When Corporate Treasury is a Profit Center

Two newspapers, two countries, two industries, one story. In the NYT, it’s


whose oil-price hedges are now worth $2 billion. In the FT, it’s Porsche,

whose currency hedges have made $371 million this year, and whose stock-market

hedges, linked to its attempt to buy Volkswagen, might have made it as much

as $10 billion.

Both articles are laudatory, but John Gapper sounds

a note of caution:

Hedging is a zero sum game and I shudder when I hear of creative Treasury

management at industrial companies or public institutions.

Mr Härter should recall the debacle in Orange County. Or, for that matter,

take a look at Norway where four towns have suffered from investing in complex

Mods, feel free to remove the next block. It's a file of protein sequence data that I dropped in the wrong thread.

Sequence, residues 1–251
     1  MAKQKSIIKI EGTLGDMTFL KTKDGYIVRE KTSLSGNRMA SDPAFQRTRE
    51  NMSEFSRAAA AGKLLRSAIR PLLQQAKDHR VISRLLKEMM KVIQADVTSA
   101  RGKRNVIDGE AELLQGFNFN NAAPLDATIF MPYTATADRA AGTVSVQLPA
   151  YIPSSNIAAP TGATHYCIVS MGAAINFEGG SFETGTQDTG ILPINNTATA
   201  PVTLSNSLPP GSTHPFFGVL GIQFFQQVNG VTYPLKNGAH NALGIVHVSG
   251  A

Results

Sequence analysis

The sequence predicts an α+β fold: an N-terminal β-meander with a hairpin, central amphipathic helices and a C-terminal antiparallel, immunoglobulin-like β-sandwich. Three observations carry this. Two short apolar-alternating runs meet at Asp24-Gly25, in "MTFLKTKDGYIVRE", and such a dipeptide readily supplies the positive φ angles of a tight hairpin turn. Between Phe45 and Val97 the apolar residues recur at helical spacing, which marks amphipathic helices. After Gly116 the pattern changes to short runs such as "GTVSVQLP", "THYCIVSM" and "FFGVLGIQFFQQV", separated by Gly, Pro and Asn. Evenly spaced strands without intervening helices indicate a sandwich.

US-linked debt securities sold to them by Terra Securities. When big banks

offer you innovative financial instruments, beware.

There is a difference here between Southwest and Porsche. Southwest really

only needed to lock in forward oil prices – an incredibly simple transaction.

Porsche, by contrast, boasts of its "options on options on options",

which is not the kind of thing to put an investor at ease, especially when billions

of dollars are at stake.

Nevertheless, there’s a reason that options are known as treasury products:

they basically exist to allow corporate treasurers to hedge market risk and

concentrate on their own business. All companies have natural exposures which

need hedging, and it’s up to individual treasurers to decide just how sophisticated

they’re willing to get. As long as it’s them telling the investment banks what

to do, things normally go OK. But Gapper’s right: if an investment bank offers

you a complex structured product which you don’t really understand, it might

be a great deal. But don’t buy it.

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